Tidbits from Both Sides of the Fight

Posts Tagged ‘MK-48 torpedoes News Highlights – 5 Sept 11

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  • What’s Canada Buying?  A Globe & Mail columnist on Canada’s sub fleet, as Canada considers buying new ships.  “…. none of the four subs is operational. Only one is in water, HMCS Victoria, which is slated to make its first dive later this fall after a major overhaul. Not one of the subs is weapons-ready. It will be at least another two years before the subs are equipped to fire torpedoes. And it will cost Ottawa an estimated $125-million to retrofit the ships to fire the same Mk 48 torpedoes used on its now-retired Oberon-class submarines. The plan is to have two subs fully operational next year and all four in 2013, according to navy spokeswoman Lieutenant Heather McDonald. “We’re near the end of a long beginning,” Lt. McDonald said ….”
  • 9/11 Plus Ten (1)  More reminiscences of the unscheduled stop in Newfoundland.  “To hear something nice about 9/11, talk to “the plane people,” the passengers who wound up on the island of Newfoundland that day because U.S. airspace was shut. Talk to Laura Louie about the overwhelming kindness she and her two small daughters experienced in this distant corner of Canada, briefly transformed by a twist of history into an international aviation hub. “We were completely taken care of,” she remembers. “For everyone else, 9/11 has a heavy connotation. But for me it was when I was reminded what humanity is.” Or listen to Monica Burke, a 44-year-old emergency dispatcher from Seattle: “Our whole world was in chaos. We didn’t even know where we were except that we were in some weird time zone in Canada. I didn’t know when I was getting home, but these people basically put their lives on hold. I mean, their kids couldn’t go to school because we were using the schools as shelters ….”
  • 9/11 Plus Ten (2)  “…. The terrorist attacks were an American tragedy, but they affected Canada, too. The attacks shook Americans from their post-Cold War holiday from history, but they also disturbed the naive and sentimental slumbers of Canadians. In responding to 9/11, Canada suddenly awakened to one undeniable reality: geography. Canadians share a border with Americans. To say this is, of course, to state the obvious. Unfortunately, too many Canadians ground their national identity not in geo-political realities but in self-righteous anti-Americanism and, thus, delude themselves about the obvious ….”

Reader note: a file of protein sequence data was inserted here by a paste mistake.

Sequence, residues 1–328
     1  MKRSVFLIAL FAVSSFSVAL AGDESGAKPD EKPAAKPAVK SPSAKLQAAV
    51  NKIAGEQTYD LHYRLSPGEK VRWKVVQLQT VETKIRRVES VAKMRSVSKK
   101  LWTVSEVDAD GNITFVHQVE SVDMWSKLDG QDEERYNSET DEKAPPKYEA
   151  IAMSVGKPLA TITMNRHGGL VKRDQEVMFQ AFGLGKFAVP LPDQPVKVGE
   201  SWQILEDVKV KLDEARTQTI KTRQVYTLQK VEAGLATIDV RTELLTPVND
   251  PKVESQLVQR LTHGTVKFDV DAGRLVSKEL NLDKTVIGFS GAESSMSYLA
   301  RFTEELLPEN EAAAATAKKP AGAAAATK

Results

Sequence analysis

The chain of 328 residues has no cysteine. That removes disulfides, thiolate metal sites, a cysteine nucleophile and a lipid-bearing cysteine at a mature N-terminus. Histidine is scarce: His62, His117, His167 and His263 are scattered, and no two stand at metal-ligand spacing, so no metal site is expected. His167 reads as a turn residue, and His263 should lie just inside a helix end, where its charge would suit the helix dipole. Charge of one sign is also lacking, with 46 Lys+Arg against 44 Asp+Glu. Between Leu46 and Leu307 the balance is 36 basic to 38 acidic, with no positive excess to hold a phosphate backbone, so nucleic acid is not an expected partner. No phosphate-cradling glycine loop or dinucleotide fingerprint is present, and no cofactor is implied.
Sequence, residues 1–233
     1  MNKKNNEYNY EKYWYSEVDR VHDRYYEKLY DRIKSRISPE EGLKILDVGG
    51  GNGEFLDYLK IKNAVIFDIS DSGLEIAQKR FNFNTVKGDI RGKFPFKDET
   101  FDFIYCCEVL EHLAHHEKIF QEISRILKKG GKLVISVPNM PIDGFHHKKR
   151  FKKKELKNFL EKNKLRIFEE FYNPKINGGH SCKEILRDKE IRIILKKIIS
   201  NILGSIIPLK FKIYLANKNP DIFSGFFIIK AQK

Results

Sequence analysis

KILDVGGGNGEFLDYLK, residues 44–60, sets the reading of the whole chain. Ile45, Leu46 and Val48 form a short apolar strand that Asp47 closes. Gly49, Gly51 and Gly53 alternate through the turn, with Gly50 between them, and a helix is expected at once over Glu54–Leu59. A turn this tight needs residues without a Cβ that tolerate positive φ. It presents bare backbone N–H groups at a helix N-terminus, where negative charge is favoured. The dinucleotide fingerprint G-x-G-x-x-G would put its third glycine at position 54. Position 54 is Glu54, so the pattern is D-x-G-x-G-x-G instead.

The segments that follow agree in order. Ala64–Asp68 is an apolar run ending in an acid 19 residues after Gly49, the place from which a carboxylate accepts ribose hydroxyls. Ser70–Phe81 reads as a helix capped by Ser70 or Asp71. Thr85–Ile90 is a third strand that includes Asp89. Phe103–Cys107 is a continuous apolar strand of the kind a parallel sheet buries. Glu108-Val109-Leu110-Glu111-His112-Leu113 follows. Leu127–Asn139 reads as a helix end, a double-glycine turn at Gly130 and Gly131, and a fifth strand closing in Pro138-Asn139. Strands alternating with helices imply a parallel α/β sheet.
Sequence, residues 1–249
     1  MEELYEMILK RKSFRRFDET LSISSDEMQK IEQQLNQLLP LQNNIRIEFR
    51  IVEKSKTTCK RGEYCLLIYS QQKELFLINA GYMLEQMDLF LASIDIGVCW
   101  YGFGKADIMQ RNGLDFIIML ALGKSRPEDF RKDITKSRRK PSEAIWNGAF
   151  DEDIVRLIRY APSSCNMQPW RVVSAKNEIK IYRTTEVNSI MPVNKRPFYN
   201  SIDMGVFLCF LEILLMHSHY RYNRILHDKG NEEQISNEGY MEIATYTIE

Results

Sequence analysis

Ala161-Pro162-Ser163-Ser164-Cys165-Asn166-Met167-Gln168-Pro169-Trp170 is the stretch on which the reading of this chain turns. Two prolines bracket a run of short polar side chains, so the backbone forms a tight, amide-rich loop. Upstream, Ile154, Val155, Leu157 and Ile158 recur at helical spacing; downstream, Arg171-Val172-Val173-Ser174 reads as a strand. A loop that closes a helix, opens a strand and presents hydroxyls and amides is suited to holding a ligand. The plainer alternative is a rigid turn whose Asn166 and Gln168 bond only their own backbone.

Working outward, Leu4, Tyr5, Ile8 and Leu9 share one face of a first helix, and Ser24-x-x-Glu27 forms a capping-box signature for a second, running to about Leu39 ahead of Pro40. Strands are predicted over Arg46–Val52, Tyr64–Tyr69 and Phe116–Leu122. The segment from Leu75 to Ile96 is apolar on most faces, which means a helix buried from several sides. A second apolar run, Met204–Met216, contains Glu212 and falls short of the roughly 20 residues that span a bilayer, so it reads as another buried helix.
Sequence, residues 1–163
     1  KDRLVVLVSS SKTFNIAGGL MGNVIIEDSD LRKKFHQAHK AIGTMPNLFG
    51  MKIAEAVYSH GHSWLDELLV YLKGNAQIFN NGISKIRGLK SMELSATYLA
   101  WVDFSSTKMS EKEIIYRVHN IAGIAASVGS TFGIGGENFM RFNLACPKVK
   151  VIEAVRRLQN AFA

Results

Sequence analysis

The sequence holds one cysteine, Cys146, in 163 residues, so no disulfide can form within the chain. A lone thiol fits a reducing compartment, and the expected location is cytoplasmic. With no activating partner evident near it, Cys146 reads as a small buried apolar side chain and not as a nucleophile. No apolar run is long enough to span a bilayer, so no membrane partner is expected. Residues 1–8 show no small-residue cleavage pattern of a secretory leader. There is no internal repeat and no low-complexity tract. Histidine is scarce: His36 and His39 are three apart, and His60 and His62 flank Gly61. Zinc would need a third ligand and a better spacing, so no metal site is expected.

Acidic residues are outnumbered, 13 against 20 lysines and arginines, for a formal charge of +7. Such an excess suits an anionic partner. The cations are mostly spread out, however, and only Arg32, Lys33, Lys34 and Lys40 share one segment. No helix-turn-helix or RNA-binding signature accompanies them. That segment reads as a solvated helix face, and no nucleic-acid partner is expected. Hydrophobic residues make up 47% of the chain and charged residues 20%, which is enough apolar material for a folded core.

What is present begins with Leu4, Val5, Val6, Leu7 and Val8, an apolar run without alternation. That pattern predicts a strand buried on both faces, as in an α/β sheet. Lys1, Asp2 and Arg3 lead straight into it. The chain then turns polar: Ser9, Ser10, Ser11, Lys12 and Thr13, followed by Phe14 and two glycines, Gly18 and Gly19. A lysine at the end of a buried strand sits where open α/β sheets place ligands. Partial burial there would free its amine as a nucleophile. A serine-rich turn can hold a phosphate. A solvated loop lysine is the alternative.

• A group calling itself “Canadian Veterans Advocacy” appears to be setting up November 5 protests across Canada to highlight the need treat wounded warriors better.  The problem:  the link doesn’t seem to work for me.  ?????  “Canadian Veterans National Day of Protest 2011. I am pleased to note the organizational infrastructure for this year’s national protest has expanded to include Winnipeg and Parry Sound, locales we did not have representation last year. Protests/rallies/vigils will be occurring from St John’s to Victoria at the eleventh morning hour. Updated information is posted at and the CVA Message board, where organizational aides, information sharing, a news archive/ data base and local Team Leader HQ/Communication s sites have been established in an interactive forum. Please feel free to comment or participate! Team leaders are always seeking assistance, as are we at the national level. In fact, due to the non-profit, voluntary nature of the Canadian Veterans Advocacy, volunteers are essential to our success. At the moment, events are being scheduled for St John’s, Halifax, Fredericton, Quebec City, Montreal, Ottawa, Kingston, Trenton, Brampton, Sudbury, London, Winnipeg, Selkirk, Victoria and Chilliwack, where we had one of our strongest showings of support last year with over five hundred present. Another seven are potential and will be announced once confirmed.”
  • Every Labour Day weekend for the past 12 year, the sound of musket fire, cannons and screams associated with historic military battles have rang out across the grounds of Fairfield Museum. Fairfield Comes Alive, featuring a pioneer camp and a re-enactment of the Battle of the Thames, where famed Indian chief Tecumseh was killed on Oct. 5, 1813, attracts a good crowd each year. However, this popular event has been a dress rehearsal for what is shaping up to be a major historical celebration and re-enactor’s dream — the bicentennial of the War of 1812 ….”
Advertisements News Highlights – 4 Apr 11

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  • Libya Ops – The Canadian pilots steered their CF-18 Hornet fighter-bombers over the Libyan target with every intention of destroying it with their 225-kilogram smart bombs. But they saw something they didn’t like and hesitated:  Mission aborted. “We passed,” said the pilots’ commanding officer, Lieutenant-Colonel Sylvain Ménard – call sign “Gogo” – referring to a mission flown shortly after the CF-18s from Bagotville, Que., arrived in Sicily on March. 19. “The target we were investigating was really close to some buildings. We didn’t know if they were military or civilian, so we did not drop on the target.” ….”
  • A bit of a reminder re:  the seriousness of war, from “George Jonas’ 10 commandments of war.” “…. 1.  Don’t go to war for any purpose but the defence of your country’s vital interests, and only if they cannot be secured any other way …. 8.  If hostilities become unavoidable, please let your soldiers fight ….”